The Nest

NestApple's Real Estate Blog

Featuring real estate articles and information to help real estate buyers and sellers. The Nest features writings from Georges Benoliel and other real estate professionals. Georges is the Co-Founder of NestApple and has been working as an active real estate investor for over a decade.

Overview of the NYS and NYC Transfer Tax

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Our article on the NYS and NYC Transfer Tax will explain what these taxes are. Who is responsible for paying them how they came about. Suppose it’s possible to avoid them. And how to save money on transfer taxes and other closing costs.

What Is The NYS and NYC Transfer Tax?

Overview of the NYS and NYC Transfer TaxNew York City and New York state are always looking for ways to generate revenue. The transfer tax is a significant source of income for them. The NYC transfer tax or RPTT (Real Property Transfer Tax) applies to all real property transfers & co-operative shares over $25,000. It also applies to transfers of control (over 50%) in any corporation that owns a property. The result is that this tax generated over $1.5 Billion in revenue for NYC and is one of the highest closing costs for most sellers.

What is the New York City Transfer Tax Rate?

For virtually all residential properties like condominium units, co-op units, and 1-3 family houses, the New York City transfer tax ranges from 1% for properties under $500,000 to 1.425% on properties above $500,000.

Like the mansion tax, the transfer tax is based on the purchase price and not the appraised value. For example, if you sell a property for $400,000, you’ll pay NYC a $4,000 tax. However, if you sell a home for $1,000,000, you’ll be paying $14,250.

What Is The NYS Transfer Tax?

transfer taxesNot to be outdone, New York State imposes its own transfer tax on all transfers of property above $500. In July 2019, NY State passed a new law that added a second transfer tax to NYC’s residential and commercial properties that sell for more than $3 million and $2 million, respectively.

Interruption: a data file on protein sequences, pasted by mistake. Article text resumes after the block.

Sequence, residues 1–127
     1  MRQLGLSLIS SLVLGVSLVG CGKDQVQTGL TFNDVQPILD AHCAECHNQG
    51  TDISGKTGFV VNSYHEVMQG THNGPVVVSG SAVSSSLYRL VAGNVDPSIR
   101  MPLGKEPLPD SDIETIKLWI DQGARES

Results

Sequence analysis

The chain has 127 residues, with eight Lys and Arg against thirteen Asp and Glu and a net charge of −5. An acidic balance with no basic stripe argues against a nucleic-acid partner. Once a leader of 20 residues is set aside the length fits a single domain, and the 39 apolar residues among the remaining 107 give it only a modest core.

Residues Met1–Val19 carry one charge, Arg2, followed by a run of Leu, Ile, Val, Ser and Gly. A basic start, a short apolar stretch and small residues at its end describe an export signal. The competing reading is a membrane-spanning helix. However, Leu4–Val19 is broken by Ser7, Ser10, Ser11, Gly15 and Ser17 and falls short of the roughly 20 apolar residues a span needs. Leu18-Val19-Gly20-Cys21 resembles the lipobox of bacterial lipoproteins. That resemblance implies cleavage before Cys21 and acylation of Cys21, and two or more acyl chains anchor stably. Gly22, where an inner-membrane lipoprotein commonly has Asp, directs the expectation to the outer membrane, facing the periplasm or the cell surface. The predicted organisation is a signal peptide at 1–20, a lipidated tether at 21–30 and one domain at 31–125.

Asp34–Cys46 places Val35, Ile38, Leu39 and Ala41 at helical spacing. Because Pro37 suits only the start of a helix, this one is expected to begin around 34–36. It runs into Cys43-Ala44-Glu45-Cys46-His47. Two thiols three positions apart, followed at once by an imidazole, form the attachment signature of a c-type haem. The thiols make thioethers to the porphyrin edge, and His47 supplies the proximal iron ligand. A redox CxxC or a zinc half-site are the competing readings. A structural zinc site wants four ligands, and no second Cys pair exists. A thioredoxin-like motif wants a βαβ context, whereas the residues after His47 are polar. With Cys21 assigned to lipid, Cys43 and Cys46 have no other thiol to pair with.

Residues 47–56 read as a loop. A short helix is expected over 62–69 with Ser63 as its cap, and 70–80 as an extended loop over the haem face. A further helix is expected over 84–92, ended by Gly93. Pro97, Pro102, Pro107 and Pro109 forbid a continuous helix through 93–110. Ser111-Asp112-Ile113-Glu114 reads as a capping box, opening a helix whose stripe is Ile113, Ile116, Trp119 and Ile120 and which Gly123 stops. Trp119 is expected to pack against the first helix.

What is the New York State Transfer Tax Rate?

The NY State transfer tax rate is 0.4% for properties that sell for less than $3,000,000 with an additional 0.25% for properties that sell for $3,000,000. That means the total effective NYS transfer tax for a $3 million property will be 0.65%. For example, if you sell a $1,000,000 condo, you’ll be paying $4,000 to NY State, in addition to $14,250 to the city, while if you sell a $3,000,000 condo, you’ll owe New York State $19,500.

Who Pays The NYS and NYC Transfer Tax?

The seller is responsible for paying the transfer tax. The one main exception is for anyone purchasing in a new development, as sponsors will often try Overview of the NYS and NYC Transfer Taxto pass the tax on to buyers. But this is highly negotiable and often dictated by the overall state of the real estate market. If the market is hot, sponsors will insist on passing the tax along to buyers, while if it’s a soft market with buyers in control, they can quickly negotiate that the sponsor covers the charge.